History - The Twentieth Century
In 1872 heiress Marianne Pryse married a young soldier, Charles Mayhew. Aberglasney was let out during most of their married life, which they spent in Derbyshire, but they moved here on his retirement in 1902 and set about reforming the place and its inhabitants.
Col Mayhew is said to be responsible for planting some of the rare specimen trees that remain in the grounds. He is better remembered for his fierce addiction to teetotalism. The Mayhews held Temperance rallies, gave Llangathen its Temperance Hall and turned out tenants who declined to sign the Pledge.
The dead hand of the staid Victorian attitudes of this childless couple influenced Aberglasney long after they themselves left the scene. Col Mayhew died suddenly at the end of 1907, having caught cold attending a temperance gathering. A year later Widow Mayhew took off abruptly for London and lived there for the next 30 years, declining to return to (or, indeed, to let anyone else enjoy) her property, which was left in the hands of caretakers and concerned relatives.
The Evans Interlude
When the inscrutable Mrs. Mayhew died aged 90 in 1939 the property devolved (through her father's second marriage into the Pryse-Rice family) to young Eric Evans, son of Brig.-Gen. L.P. Evans of Lovesgrove, who was thrilled to take up residence with his young bride after the war.
Once again Aberglasney became a lively home, echoing with dance music, bright voices and children's cries. But Eric Evans died in 1950 aged only 30, and his young sons' trustees decided that the property was not viable economically (perhaps even unlucky) and should be sold, ending a succession of owners that began with Thomas Phillips in 1803.
World War Two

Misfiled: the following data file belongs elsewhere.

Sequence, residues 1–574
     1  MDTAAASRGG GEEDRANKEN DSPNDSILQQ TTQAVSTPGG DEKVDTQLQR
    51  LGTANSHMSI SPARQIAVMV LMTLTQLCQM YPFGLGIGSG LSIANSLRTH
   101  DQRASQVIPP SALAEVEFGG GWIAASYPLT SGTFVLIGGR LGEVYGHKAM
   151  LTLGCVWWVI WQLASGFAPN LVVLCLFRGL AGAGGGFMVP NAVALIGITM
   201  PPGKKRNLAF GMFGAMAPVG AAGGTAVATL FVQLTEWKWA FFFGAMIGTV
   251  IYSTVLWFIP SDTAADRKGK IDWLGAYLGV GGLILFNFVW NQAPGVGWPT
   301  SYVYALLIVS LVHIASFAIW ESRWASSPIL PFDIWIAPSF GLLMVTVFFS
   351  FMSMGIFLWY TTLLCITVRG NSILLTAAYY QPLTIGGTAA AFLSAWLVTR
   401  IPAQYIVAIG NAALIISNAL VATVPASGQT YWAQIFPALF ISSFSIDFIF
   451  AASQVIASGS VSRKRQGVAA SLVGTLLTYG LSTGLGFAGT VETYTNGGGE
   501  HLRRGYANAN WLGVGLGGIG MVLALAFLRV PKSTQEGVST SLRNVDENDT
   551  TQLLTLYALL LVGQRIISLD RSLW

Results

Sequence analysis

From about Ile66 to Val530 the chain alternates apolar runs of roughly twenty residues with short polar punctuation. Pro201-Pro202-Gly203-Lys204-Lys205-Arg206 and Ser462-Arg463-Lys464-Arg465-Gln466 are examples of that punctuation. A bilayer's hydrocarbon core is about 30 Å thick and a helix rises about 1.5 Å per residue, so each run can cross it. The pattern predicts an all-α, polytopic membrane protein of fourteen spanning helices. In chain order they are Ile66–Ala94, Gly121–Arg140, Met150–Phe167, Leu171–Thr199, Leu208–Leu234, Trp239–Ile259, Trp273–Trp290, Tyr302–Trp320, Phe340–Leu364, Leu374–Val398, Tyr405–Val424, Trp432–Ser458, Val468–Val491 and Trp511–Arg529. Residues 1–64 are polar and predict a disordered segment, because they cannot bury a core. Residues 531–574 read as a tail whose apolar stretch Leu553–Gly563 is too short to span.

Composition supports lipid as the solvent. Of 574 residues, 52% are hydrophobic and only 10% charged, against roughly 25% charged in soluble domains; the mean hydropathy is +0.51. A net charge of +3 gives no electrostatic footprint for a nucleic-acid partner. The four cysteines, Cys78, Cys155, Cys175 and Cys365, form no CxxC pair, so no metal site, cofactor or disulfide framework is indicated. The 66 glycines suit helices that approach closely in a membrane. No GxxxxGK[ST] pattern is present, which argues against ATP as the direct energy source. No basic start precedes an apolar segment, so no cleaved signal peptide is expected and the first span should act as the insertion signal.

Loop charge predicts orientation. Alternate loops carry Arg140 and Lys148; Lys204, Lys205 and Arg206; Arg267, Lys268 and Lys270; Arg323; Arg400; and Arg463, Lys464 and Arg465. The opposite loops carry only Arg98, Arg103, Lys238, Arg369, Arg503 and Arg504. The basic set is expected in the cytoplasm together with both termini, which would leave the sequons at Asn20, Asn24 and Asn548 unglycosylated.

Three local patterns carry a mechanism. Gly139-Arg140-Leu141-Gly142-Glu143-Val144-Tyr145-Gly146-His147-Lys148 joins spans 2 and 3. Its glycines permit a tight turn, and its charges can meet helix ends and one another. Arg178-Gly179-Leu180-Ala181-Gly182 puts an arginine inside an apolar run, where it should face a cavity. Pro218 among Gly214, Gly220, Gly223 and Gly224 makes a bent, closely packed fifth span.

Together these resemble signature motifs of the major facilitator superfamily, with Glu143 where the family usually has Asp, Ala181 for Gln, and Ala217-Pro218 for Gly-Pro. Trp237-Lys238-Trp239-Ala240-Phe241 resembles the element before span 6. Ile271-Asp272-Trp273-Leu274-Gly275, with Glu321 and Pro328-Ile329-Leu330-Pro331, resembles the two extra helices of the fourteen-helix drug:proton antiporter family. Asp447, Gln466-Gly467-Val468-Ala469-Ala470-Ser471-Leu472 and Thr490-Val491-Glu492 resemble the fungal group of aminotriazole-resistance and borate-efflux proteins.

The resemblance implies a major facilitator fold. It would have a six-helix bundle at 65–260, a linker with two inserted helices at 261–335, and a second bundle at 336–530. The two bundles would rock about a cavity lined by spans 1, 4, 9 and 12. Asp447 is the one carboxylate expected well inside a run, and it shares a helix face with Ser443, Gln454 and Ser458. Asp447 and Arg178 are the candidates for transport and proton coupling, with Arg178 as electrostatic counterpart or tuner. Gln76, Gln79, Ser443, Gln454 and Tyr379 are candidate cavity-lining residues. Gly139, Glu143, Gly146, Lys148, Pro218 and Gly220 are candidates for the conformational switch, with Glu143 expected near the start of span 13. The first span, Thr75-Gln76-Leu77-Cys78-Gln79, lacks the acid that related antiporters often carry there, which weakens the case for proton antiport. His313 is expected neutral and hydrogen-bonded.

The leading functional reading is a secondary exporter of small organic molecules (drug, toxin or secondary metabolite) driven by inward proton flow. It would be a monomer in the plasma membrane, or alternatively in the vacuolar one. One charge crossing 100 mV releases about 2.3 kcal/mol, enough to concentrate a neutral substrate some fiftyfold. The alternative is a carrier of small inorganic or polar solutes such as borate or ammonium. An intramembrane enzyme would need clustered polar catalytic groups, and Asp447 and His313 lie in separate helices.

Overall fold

Like most big houses, Aberglasney was commandeered for troop occupation. First it became a major mobile laundry for the RAOC. Later American troops from the Deep South arrived. One of them was Top Sergeant Dawson, sparring partner of 'the Brown Bomber', Big Joe Louis - a name familiar from his battle with Welsh boxer Tommy Farr. There was a real bomb, too: a stray from one of the raids on Swansea that fell in a field between Aberglasney and Lanlash.http://www.easynetdistribution.co.uk
At the sale of 1955 the estate was split up. Several tenant farmers acquired the land they had formerly rented; David Charles, a Carmarthen lawyer, bought the house and farm. He held occasional events like hunt balls in the house, but it remained unoccupied, and decay that began with damp in Mrs. Mayhew's time accelerated.
A further sale took place in 1977, this time fragmenting still further ownership of the house, gardens and farm complex. Although the new owners, at first tried to repair the house, the task was too great for them. Vandalism, theft and the elements combined to escalate the collapse of built structures and the advance of a sea of vegetation.
The dismantling of the portico was the last straw. When it was offered for sale by Christie's the law stepped in: its removal from a listed building constituted an offence. There was a prosecution; the publicity raised the profile of Aberglasney and its fortunes were reversed with its sale to the Aberglasney Restoration Trust in 1995.